5 Ways to Manage Chronic Pain

By Mattie Bogoslavsky, PhD and Amelia Hartman, LCSW

If you are one of the many individuals dealing with chronic pain, you know the significant toll it takes on your physical and mental well-being. You may struggle with insecurity and feeling like you’ve lost autonomy over your own body. The daily physical and mental struggles can be challenging to accept. The good news is there are ways to lighten this burden. We hope you find some of the tips below helpful in alleviating some of the psychological and physical discomfort you may experience with your chronic pain.

Be strategic and start with small changes.

Research finds that most people struggle when they attempt to improve their lives by making drastic changes all at once. Instead of relief, this may lead to frustration and disappointment when trying to keep up with everything. Instead, we encourage you to start by making just one or two small changes. This allows you to build confidence in the results of these changes and your ability to be consistent. You might start by making a small change in your diet. An Anti-Inflammatory Diet has been proven helpful in reducing swelling and relieving pain. An internet search of this diet change might leave you overwhelmed with food lists, meal plans and supplement options. Remember to start small, such as adding a handful of blueberries to your breakfast or raw spinach in your sandwich that day. If a change is not sustainable for three days in a row, it’s too big. Break it into a smaller level of change and try again.

Make movement a priority.

Regular movement and exercise is vital to your physical and mental well-being. The benefits of daily movement include: improving your sleep, stress relief, an increase in day-to-day energy levels, and improved sex drive, and it encourages the body’s natural weight-loss process. Try using your new strategy for small changes and start by adding ANY form of movement for 5 or 10 minutes a day. You might consider parking further away from the entrance of work or a store, or getting up once an hour for a brief stretch break during the day. Slowly build up to 15 to 30 minutes each day. Swimming and water aerobics are great low-impact options for exercise.

The water provides resistance and support without adding strain or risking more physical damage. You do not need to confine yourself to high-impact exercises like running and weight lifting.

Treat yourself as a priority.

It may feel overwhelming and unaffordable to add more wellness practices because many of these practices can be so cost-dependent. However, physical therapy, massage therapy, acupuncture, and mental health counseling are services where you will learn tools and strategies that provide physical and emotional relief and are critical supplements to traditional pain medications. Some ways to begin making yourself more of a priority may include:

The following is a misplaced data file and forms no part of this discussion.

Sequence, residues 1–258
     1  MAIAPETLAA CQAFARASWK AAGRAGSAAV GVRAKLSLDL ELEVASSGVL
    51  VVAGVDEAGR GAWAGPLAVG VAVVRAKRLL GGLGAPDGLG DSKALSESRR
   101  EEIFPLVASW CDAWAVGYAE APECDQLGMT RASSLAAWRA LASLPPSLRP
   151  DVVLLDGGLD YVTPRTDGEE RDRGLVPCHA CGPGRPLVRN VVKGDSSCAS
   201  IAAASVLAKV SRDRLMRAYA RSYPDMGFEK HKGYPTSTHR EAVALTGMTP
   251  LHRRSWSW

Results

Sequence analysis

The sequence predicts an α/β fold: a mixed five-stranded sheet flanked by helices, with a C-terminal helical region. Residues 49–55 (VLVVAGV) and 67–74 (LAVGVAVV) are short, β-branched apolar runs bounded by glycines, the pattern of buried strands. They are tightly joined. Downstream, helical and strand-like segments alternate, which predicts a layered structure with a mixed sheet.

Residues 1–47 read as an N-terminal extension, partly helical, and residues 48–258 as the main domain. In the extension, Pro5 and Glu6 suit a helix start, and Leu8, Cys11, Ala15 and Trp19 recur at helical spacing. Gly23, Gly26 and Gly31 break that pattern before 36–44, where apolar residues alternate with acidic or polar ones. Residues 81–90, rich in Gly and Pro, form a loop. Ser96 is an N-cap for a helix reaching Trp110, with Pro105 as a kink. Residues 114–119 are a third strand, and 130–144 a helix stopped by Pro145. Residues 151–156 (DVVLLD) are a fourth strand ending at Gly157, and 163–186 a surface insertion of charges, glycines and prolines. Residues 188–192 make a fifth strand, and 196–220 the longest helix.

Assess your monthly spending and find areas you could better budget your spending and add in a new wellness activity. Consider low-cost activities, such as spending time with friends, reading a mental health book or workbook, or attending events at library or public spaces in town.

Identify what activities help you to feel your best and when you feel the most energized. This might include cooking, gardening, reading, etc. Intentionally add time in your weekly schedule for these activities, to ensure you are being purposeful about participating in your life in a way that feels authentic to your wants and needs.

Incorporate mindfulness as a daily practice.

Mindfulness means to focus your attention and awareness on your in-the-moment experiences. Instead of living in the past or the future in your mind, being mindful allows you to be present to what is happening right here and right now. There is significant research that shows that mindfulness helps to reduce levels of stress and experiences of pain. Mindfulness-Based Stress Reduction (MBSR) is an intervention that was initially started with chronic pain patients and is an effective way to reduce your experience of pain. There are courses or books you can read on MBSR and mindfulness, or you can start with one of our favorites, a Body Scan.

Ask for help and support.

Many report feeling a significant amount of shame and stigma in their experience and treatment of chronic pain. Being your own advocate will be imperative to receiving the help you deserve. Take time to educate yourself as fully as you can on your own diagnosis to ensure you understand how to best advocate for your needs. Sometimes people find working with a case manager, health advocate, or mental health counselor can provide them the space to clarify their needs and learn ways to communicate it more effectively. You may also benefit from being involved in a community where you can receive ongoing support and have a place where you feel understood and connected to others. This may include a therapy group or a support group for others with chronic pain.

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